Thursday, December 31, 2009
Wednesday, December 30, 2009
Sunday, December 27, 2009
Wednesday, December 23, 2009
Tuesday, December 22, 2009
Friday, December 18, 2009
Wednesday, December 16, 2009
Monday, December 14, 2009
The basic structure was multiple groups of sixteen. A few weeks before the event the Activities Director posted a sheet for each group with space for sixteen people to sign. One person ineach group volunteered to be the organizer, often someone who had been a park resident for a few years. Sometimes a group consisted of friends -- but often it provided an opportunity to get acquainted with residents outside one's normal circle. About one week before the dinner the members of each group met to plan their menu and determine who would bring each item. The park Activities Director purchased all the meat (turkey or ham), but someone in each group volunteered to prepare it. If the volunteer's oven wasn't adequate, they could borrow an electric roaster from the park kitchen. Each dinner participant paid a small amount for the Thanksgiving turkey -- but the park operator provided the Christmas ham. (Following the dinner the meat left-overs were divided amoung each group's members.)
Each group was alotted three long tables, arranged end to end, two for seating and one as the buffet serving table. Some groups used the tables as provided while other groups extensively decorated their tables. Since all of the food for a group was on a table next to the group, it didn't take long for each group to serve themselves. (There were no long lines, plus seconds were close at hand.)
Tomorrow, we'll comment about some of the practices we really dislike.
Saturday, December 12, 2009
Both Sandy and I have commented that the cold seems to be so much more
miserable this year! Does age have anything to do with it?
It has been a pretty quiet week in the park. We did visit with the
Architectural committee about getting a building permit or at least laying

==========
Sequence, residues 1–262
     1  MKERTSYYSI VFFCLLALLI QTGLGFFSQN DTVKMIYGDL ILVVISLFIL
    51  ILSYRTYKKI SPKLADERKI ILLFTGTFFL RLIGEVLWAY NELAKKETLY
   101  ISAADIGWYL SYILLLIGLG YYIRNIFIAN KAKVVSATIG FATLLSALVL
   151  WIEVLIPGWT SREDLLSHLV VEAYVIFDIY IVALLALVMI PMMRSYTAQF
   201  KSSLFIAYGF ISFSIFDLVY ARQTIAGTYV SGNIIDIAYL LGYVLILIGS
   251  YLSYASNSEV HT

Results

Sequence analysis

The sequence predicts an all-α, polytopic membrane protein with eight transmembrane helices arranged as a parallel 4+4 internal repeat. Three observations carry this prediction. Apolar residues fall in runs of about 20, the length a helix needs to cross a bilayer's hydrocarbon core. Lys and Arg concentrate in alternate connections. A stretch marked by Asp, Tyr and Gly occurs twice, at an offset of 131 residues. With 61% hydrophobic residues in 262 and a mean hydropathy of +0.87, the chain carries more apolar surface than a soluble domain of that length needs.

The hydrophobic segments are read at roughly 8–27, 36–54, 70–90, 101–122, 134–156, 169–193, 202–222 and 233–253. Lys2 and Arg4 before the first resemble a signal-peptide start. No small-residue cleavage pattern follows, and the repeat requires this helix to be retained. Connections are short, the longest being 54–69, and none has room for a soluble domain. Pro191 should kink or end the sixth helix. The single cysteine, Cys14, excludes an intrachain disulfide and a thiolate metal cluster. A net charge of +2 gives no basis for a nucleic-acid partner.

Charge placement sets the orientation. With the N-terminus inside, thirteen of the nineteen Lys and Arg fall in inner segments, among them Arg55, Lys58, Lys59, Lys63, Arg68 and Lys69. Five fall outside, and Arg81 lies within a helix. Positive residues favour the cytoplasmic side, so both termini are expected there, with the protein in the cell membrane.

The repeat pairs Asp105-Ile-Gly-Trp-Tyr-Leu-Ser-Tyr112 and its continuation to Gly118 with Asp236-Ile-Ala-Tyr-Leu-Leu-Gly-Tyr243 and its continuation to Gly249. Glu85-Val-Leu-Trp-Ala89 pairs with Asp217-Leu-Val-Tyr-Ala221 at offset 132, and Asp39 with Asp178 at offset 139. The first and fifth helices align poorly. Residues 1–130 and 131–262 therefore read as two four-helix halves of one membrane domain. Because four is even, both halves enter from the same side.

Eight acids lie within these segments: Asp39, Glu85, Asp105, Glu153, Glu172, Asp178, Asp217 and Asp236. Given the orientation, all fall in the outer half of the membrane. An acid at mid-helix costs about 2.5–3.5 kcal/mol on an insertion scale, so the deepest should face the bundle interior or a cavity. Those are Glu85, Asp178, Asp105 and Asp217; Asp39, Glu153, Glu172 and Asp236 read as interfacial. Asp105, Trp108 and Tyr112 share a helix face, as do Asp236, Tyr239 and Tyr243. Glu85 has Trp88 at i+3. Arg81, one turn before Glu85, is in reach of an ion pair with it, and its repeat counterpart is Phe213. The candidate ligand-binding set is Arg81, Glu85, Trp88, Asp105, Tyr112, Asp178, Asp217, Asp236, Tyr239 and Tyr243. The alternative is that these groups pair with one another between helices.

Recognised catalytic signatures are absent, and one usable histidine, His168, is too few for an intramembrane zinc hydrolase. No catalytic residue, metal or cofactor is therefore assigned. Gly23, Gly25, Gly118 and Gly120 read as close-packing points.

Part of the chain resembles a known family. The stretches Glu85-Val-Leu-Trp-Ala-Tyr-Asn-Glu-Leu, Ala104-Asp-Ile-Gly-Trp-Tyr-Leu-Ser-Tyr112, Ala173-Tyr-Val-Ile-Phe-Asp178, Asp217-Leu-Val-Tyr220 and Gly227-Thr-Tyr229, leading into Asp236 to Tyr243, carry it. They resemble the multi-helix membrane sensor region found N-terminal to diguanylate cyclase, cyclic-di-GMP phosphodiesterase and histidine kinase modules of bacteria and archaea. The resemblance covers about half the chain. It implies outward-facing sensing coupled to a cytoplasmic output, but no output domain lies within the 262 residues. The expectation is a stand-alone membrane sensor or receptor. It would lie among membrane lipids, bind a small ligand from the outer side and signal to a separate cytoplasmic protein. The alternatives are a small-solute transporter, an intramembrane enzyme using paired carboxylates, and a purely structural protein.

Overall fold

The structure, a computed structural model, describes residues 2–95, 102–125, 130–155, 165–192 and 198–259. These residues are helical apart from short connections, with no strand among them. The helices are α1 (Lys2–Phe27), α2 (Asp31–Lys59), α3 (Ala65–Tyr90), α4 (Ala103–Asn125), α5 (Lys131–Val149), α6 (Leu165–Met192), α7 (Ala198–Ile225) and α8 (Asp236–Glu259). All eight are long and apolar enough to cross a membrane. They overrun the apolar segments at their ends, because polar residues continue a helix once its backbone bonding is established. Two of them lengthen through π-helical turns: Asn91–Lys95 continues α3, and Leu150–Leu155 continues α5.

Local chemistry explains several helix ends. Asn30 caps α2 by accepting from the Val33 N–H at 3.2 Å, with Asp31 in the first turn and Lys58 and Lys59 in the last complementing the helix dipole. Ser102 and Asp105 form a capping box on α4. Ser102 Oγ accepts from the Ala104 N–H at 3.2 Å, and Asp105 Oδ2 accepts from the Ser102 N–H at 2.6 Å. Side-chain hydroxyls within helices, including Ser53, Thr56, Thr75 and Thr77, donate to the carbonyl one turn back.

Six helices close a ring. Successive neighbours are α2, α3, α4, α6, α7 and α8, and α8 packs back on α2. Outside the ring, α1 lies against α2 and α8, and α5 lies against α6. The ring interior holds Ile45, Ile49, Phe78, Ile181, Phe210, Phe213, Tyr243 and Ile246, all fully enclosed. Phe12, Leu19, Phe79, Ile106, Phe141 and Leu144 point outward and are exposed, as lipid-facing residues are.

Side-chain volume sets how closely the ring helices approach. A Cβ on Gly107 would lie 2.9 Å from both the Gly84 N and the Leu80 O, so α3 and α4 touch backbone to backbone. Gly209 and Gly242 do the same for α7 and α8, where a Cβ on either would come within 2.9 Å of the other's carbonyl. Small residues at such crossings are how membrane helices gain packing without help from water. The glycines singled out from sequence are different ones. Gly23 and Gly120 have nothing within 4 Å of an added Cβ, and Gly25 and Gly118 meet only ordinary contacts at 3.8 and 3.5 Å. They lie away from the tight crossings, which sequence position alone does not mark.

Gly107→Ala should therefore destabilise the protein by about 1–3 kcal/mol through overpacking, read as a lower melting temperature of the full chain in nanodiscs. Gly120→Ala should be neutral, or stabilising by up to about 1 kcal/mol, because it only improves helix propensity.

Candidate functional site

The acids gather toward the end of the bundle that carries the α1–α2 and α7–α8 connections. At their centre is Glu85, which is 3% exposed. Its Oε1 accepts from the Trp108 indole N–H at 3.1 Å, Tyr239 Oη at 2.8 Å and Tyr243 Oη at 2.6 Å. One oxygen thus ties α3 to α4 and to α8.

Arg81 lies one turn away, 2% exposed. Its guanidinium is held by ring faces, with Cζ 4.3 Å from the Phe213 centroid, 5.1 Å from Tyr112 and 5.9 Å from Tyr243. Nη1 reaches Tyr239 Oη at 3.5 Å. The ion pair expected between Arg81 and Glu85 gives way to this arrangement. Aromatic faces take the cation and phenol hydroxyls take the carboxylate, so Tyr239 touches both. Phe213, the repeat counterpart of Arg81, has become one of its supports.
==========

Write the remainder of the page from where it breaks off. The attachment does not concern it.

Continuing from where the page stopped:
the ground work before we leave. The answer is NO. The committee does not
want to be the depository for numerous permit applications. Okay, I guess
we will wait!
Today we were visited by a fellow who is in the park and is looking to rent
a lot so that he can stay for another month. We have a tentative agreement
and Sandy and I have to decide if we really want to leave on the 23rd of
December. His current lot rental agreement is up on the 24th and he has to
move off of the lot. We have said that if someone wanted to rent our lot,
we'd leave today! I guess someone is calling our number. It is a bit
earlier than desired for us, but it also means that the lot would be rented
January, February and March with no gaps. (We like that part of it.). I
guess the plus also is that we know how the Christmas dinner will be served
in this park and we don't like it (to put it bluntly).
So while we may leave earlier than desired, I've assured Sandy that we will
go to another RV park in or near Quartzsite for a week or two. We will make
several calls tomorrow and see what those parks do for a park wide Christmas
dinner. We've seen how various parks handle the Christmas dinner and we
have some definite opinions. So why not pick one that serves dinner like we want it?
an old ZIP code. EBay had thrown me a curveball and I didn't catch it that
the shipping address had an old ZIP. When I purchased a third item, eBay
allowed me to use the correct ZIP. Anyway, we can relax. The items were
LED assemblies that I want to get installed in the coach prior to our trip
to Quartzsite. We added one of the lights to our sink light strip and Sandy even
agreed that the new one and the old one give off enough light in the sink
area. Perhaps more would be desired, but for a couple of weeks, it is
tolerable. Each light assembly is a flexible plastic strip with 24 LED's
embedded in it. The total current consumption is about 0.1 amps, a whole
lot less that the 1.5 amperes that the incandescent bulbs consume.
Now I need to find a fixture so that I can provide more light in the living
room area. The second and third items that came in were LED assemblies
with 48 LEDs in each. The devices are in the shape of a small funnel, about
2 inches diameter and 2 inches deep. The challenging thing is that they
use a different base from anything locally available. The base is composed of two
pins, a quarter of an inch long and about a quarter of an inch apart. It
is a standard socket and I will order some via eBay tonight or tomorrow.
(If we leave on the 23rd, that doesn't give us much time either!)
This afternoon I took a long walk to the cotton field east of the park. It
is interesting how cotton is harvested. Since cotton is so fluffy, they
actually have a packing machine to reduce the shipping volume. In the
field, the harvested bale of cotton is about the size of 40 foot semi
trailer. To move the huge bale, they have large truck bed similar to the
trucks that are now used haul cars off of the highway. The truck bed
slides way out at an angle, and I think they put a cable come-a-long around
the bale to slowly winch it onto the truck bed that then pulls it up onto
the truck frame. Of course when all of this is done, there is lots of
cotton bulbs scattered around. It probably is not that many pounds, but the
white cotton on the dark soil just look like poor processing.